We bought a small marker, which can be used to test if notes are counterfeit, just to make sure that we would know if anyone was trying to sell us fake notes. Perhaps it just wasn’t discerning enough, but none of the bills we got was found to be counterfeit. The only way anyone tried to ‘scam’ us was to offer us really crappy rates. But just asking around quickly gave us a good idea on the going rate so we didn’t get quoted lowball rates too often just because there was so much competition. Another way of getting a good idea on the going rate (which changes everyday), is to check with the website dolarblue.net, which seems to have pretty good estimates of the current rates.

So if you’re planning on visiting Argentina, consider bringing a stash of US dollars (note: large bills, i.e. $50 or $100, will net you better rates than smaller bills) to buy pesos with. If we had gone with the official rate, we would have spent something like 50% more than we did. However, one potential downside was the increased risk of cardiac arrest due to the ridiculously low effective prices of Argentinean steaks.


Post on: 2013-07-27 09:00:53 GMT

Before Tikal - Flores:

If you want to visit Tikal early in the morning, you’ll probably want to find somewhere close to spend the night. One popular place to do this is the nearby town of Flores (about an hour from Tikal). Another option is the even more nearby town of El Remate (about half an hour from Tikal). We ended up spending a night each in both towns - Flores before we visited Tikal, and El Remate after. If there’s one message we have for this and the next post, it’s that El Remate » Flores (well, at least for us).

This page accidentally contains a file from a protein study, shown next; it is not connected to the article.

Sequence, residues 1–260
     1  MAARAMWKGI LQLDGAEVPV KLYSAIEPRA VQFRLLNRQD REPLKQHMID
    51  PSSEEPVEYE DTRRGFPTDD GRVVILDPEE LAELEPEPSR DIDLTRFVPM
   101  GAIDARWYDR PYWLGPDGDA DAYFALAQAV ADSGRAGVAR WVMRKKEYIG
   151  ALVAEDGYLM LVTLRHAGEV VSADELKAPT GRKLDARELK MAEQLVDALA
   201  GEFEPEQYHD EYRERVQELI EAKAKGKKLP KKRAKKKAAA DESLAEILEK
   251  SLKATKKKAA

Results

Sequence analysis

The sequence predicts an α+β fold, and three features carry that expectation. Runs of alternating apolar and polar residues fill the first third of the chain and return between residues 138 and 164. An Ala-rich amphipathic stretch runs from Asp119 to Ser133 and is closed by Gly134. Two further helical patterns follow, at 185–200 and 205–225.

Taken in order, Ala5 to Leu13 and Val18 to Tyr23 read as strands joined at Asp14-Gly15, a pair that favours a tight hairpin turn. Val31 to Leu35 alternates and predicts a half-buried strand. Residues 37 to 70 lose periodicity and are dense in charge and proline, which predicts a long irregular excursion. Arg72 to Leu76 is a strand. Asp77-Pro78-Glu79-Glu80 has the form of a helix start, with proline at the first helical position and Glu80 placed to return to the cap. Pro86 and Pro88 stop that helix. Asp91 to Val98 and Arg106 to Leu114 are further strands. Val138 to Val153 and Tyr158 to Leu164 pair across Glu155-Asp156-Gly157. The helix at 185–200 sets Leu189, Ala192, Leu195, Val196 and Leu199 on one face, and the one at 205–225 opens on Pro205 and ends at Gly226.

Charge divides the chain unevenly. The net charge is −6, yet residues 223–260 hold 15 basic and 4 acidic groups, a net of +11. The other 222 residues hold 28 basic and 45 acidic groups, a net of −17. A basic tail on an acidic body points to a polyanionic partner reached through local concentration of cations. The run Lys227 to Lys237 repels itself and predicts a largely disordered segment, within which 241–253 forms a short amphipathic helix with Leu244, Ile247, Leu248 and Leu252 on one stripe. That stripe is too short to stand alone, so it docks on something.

Flores is a tiny island town accessible by causeway. Because so many people stay at Flores to visit Tikal, it’s really easy to arrange for a tour from wherever you’re staying in Flores. For this reason, and because it is somewhat more convenient to get to Flores than to El Remate from Semuc Champey, we decided to spend the night at Flores. 

Like almost everyone else on our colectivo, we spent the night at Los Amigos, a hostel with a reputation for guests that party well into the night. From what we understand, the partying has tamed down due to lawsuits filed by the hostel’s neighbors. Los Amigos was a nice enough hostel, which served decently priced food and drink. The private room we had (booked last minute so no more dorm beds were available) was clean and had lots of fans (it was seriously warm).